Seven years ago I started a plus-size fashion blog where I shared all my outfits and personal style. I began to use social media to get people to visit my blog. The images of my fat body in swimsuits and my round belly sporting a crop top made my social media following grow more than my blog. Next thing I knew, I was being called a social media influencer and my focus changed to Instagram. I even quit my 9-5 to focus on being a social media influencer full-time.
I felt so lucky and excited. Not many people can say they get paid to post photos and videos online. I was living the dream. I thought I had it all figured out. How hard could it be to constantly take pictures to post on Instagram? The best part was that I managed to promote self-acceptance while posing for the perfect gram. In a way it made me feel like I was better than others because I was using my platform for a good cause. I was able to use society’s obsession with social media to send my message of self-acceptance and make a living from it as well.
Slowly but surely that changed. When being a social media influencer went from a hobby to a full-time job, the pressure tripled. On many occasions I would do mini photoshoots strictly to post on Instagram. I was paying photographers, buying clothes to shoot and investing money in creating a picture perfect Instagram account.
The hundreds of dollars and time spent on one Instagram photo felt like a waste. Nothing was perfect enough to post. Even though I was preaching self-love, I was doing the complete opposite with myself. I kept comparing my Instagram page to other influencers whose images were prettier. I began to measure my personal worth and the value of my work with the amount of likes my images were getting.
I fell into a depressive episode and cried for days feeling unworthy of what I did and what I was representing online. I felt inadequate and constantly questioned every little thing I did. I thought it was just me feeling this pressure to constantly stay relevant online and to create content.
I changed my obsession with measuring my value from numbers on a scale to likes on a picture. I felt ashamed and frustrated. Yet, I couldn’t stop scrolling through social media and comparing my photos and captions to others. This quickly began to affect me financially. I was unable to create the work that was getting me paid. I couldn’t meet my deadlines or go to meetings with the brands that could and had hired me.
I spoke to my peers, other influencers who were quietly experiencing mental breakdowns, anxiety attacks and depressive episodes trying to keep up with the standards we were creating online.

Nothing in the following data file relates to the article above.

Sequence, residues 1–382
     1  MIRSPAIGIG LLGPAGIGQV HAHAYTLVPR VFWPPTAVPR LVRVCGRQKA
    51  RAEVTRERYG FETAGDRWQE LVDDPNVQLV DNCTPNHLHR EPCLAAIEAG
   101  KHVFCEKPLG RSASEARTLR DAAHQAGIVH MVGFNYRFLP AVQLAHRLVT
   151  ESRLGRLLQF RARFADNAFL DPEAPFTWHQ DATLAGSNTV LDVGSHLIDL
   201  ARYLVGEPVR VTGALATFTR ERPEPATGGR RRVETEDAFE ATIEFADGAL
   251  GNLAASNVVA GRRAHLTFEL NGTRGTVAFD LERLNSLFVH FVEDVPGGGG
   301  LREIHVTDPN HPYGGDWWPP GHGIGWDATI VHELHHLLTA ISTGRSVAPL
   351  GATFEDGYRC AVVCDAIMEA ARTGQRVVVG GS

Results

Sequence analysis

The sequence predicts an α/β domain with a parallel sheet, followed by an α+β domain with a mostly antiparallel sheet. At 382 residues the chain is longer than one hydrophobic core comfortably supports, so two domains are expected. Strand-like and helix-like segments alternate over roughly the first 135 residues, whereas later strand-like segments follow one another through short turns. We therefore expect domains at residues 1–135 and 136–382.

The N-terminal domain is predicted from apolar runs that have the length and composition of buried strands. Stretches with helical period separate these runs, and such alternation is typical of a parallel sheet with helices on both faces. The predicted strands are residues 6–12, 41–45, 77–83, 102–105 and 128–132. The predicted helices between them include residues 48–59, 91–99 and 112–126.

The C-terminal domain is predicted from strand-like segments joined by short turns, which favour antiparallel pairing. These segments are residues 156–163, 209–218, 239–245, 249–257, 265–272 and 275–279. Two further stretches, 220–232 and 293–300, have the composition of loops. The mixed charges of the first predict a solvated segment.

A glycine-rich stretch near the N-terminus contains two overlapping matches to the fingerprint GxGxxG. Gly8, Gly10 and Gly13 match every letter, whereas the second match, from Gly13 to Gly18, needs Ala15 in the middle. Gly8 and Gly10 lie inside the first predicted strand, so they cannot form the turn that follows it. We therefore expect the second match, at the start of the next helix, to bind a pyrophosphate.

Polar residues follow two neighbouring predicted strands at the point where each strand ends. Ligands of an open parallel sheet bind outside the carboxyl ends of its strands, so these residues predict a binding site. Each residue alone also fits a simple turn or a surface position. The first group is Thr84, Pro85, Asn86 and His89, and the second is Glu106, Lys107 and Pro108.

I then came across a study by Mai-Ly N. Steers, Robert E Wickham and Linda K. Acitelli in the Journal of Social and Clinical Psychology where they came to the conclusion that “people feel depressed after spending a great deal of time on Facebook because they feel badly when comparing themselves to others.” Though this study specifically focuses on Facebook, many of us feel the same way after scrolling on Instagram, Twitter and other social media pages. The answer was clear, social media was making me feel shitty about myself. But how could I eliminate it from my life if I financially depend on it?
I decided to take the same approach I did when I was dealing with self-acceptance. Though some parts of my job do depend on numbers, I decided not to live by that. I am a fat person online who feels comfortable wearing swimsuits and crop tops. I created my pages to show other plus-size women that they can live comfortably in their skin now. I needed to remind myself that my value and my hard work can’t be measured online with likes. I take breaks from online and schedule post if needed for work. I remind myself that the casual picture of my favorite influencer was probably taken over a hundred times and was edited to appear brighter and prettier. Nothing online is 100% what it appears to be.
I spend less time focusing on numbers and I try to focus on the reason why my post matters. I am here to be the role model I needed when I was younger. I want to be one of the many faces people see online when they look for plus-size inspiration post. I want to be part of the faces that remind people that they can be feel good about themselves.
This isn’t the first time my mental health has been affected by social media but this time I decided to make a change to avoid the vicious cycle of the highs on likes and the real lows and pressure of posting. So next time you see yourself comparing your selfie to another influencer’s post, remember that there were hundreds of images and hours of prep to take the picture and social media has absolutely nothing to do with your worth as a human being.